Imatges de pÓgina

If, in this cool, dispassionate ing tedious to the seader forbids narrative, where the figures, and us to give a sketch of their difsplendid expressions of poetry ferent theories.* are not admitted, the artless deca Whatever system be adopted, larations, that all the high it was indubitably a terrible day, hills were covered, that the when all nations were destroyed. mountains were covered fifteen This is confirmed by the nature cubits, that all creatures on the of the fact, and the description dry land died, that after a hun- of the Bible. The fountains of dred and fifty days the ark struck the great deep were broken up; on a mountain of Ararat, that the windows of heaven were two months and a half after the opened; clouds gathered; the tops of other mountains became light of the sun was obscured ; visible ; if all these, and other the atmosphere dissolved in rain. expressions, we have quoted, do Doubtless for such a purpose not prove the deluge universal, the sun and the winds would no language can be explicit, no be so directed, as to bring into confidence can be placed in his operation all the waters of the tory or inspiration. Those, who world; the snow of the mounreject the plain, simple narrative tains, the ice of the poles. The of the flood, may as well reject chain of Caucasus, of Taurus, the history of the fall, or the cru- of the Alps, of Atlas, Lebanon, cifixion of Jesus Christ, and scoff and the mountains of the moon, at all religion.

the Andes and Alleganics, yieldStill cavils are made. It ed their snowy robes, and sent is inquired, whence could wa- their roaring torrents to the ter be found to

the plains below. The north and earth so deep? Those, who in south poles, those amazing cupoquire, may perhaps reject the las of ice, whose diameter in winfact, unless they are satisfied, as ler is six thousand miles, dissolve to the means of its being accom- like flakes of snow in a southern plished. They may as well in- breeze, and pour their floods into quire how God created the the swelling oceans. The streights world, or how he can be self-ex- of Behring, of Hudson, Davis, istent and eternal; and if crea- and the opening of the Baltic rise, tion, self-existence, and eternity foam and roar, with new fury; be not explaine so as to be un- their rapid currents, white as the derstood, reject the creation, falls of Niagara. The oceans roll self-existence, and eternity of their billows to the equator. The God. When there is conclu- currents meet; the waters rise ; sive evidence of a fact, it de- they wheel ; awful whirlpools mands our belief, however in- are formed ; counter currents comprehensible it may be. He, tear up the bottom of the deep; who kindled the sun, and crea- the shells, which formed its pave. ted the sea and dry land, would ment round the Antilles, and the create floods to fulfil his threat- Cape de Verd Islands, are driven ening, unless there were other means. Most men are satisfied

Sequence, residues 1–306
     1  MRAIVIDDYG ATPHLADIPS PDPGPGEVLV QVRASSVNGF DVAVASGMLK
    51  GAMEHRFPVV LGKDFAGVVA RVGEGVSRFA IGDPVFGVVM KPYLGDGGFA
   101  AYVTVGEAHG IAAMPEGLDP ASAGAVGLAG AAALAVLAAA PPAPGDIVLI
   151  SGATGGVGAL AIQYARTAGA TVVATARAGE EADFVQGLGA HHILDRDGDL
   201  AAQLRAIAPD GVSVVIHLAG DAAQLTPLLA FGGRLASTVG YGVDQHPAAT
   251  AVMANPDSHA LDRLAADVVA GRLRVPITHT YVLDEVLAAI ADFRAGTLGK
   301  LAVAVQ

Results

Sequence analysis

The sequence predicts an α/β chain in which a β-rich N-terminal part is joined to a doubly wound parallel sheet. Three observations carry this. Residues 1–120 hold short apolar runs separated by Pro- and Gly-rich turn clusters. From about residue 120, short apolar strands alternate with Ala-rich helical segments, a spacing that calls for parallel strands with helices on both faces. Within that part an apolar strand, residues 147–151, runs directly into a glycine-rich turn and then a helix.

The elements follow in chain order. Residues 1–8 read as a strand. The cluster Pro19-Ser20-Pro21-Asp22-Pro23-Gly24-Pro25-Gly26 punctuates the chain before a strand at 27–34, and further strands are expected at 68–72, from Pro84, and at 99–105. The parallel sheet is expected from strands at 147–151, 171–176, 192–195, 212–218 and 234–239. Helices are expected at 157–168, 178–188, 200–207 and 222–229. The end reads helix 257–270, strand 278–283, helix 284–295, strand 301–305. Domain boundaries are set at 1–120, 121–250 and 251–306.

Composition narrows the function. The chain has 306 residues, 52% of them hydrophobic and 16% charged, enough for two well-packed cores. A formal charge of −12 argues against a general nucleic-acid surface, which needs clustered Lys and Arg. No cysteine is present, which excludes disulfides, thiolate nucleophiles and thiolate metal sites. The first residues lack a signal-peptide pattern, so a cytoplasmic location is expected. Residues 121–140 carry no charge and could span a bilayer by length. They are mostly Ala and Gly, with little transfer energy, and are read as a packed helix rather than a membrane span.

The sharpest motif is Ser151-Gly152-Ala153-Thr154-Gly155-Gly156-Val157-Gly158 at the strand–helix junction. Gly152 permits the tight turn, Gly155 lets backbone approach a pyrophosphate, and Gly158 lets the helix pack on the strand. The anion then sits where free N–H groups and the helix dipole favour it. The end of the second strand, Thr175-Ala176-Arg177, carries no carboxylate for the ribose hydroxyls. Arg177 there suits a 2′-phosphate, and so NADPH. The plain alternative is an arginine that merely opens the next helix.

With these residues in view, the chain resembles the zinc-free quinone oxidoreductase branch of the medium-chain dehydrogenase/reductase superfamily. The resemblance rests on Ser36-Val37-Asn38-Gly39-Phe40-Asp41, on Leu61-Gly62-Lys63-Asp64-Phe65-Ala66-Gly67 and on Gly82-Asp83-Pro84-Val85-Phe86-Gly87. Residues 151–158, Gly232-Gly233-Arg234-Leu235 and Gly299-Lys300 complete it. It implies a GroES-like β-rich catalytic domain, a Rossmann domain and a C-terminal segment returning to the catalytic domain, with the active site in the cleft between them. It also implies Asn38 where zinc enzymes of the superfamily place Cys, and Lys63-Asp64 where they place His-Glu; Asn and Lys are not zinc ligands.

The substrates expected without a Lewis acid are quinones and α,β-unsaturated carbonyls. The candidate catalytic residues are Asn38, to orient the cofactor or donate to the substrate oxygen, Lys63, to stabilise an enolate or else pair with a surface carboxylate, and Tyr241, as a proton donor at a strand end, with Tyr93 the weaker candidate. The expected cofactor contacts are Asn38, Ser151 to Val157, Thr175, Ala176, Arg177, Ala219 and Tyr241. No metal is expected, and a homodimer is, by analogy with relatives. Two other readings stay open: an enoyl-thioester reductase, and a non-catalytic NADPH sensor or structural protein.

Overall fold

* See Whiston, Burnet, Buffon, that water was furnished by nat- St. Pierre, Whitehurst, and Encyclo ural means. But the fear of be- pedia, article, Deluge.


to the plains of Normandy ; those, Some relief would it be could which adhered to the rocks of they sympathize together in this Magellan, are dashed on the hills moment of misery and terror ; of Burgundy; huge banks of nothing but unkindness and remadrepores are tossed on the isle proaches are seen or heard. Inof France ; horizontal layers, the stead of repenting themselves, wreck of fishes, sea weeds, shells, instead of rejoicing at the decorals, and pastes of marble, are liverance of Noah, when by spread over the greater part of the lightning's blaze they have Europe, and form the soil at the a glance of the lordly ark, float. present time. By the same ing in safety on the stormy world, flood the eastern part of the con- they pour their imprecations on tinent is covered with a vegetable him, as a praying hypocrite. But mould three or four hundred feet their hour is come. The billows deep.

rise ; the highest mountains are Terrific darkness, wild uproar, covered; Atlas and Lebanon are and destruction, extend to every overwhelmed as pebbles on the country. Islands of ice, loaded shore. All flesh dies. The sea with white bears, run aground boils as a caldron. The world is amid the palm trees of the torrid a sea without a shore. The inzone ; elephants of Africa are habitants are gone ; they sleep wafted into the fir groves of Sibe, in their watery graves; they ria, and the plains of Carolina. hear not the raging of the temThe bones are found there to this pest. Such are the wages of sin. day. Palaces and cities disap

Philo. pear, wasbed away as dust on the shores. The cottage on the mountain is filled with consterna

REDEEMING THE TIME. tion and despair. The increas

The general meaning of these ing darkness, the howling winds, words may be expressed by the the roaring thunders, the rising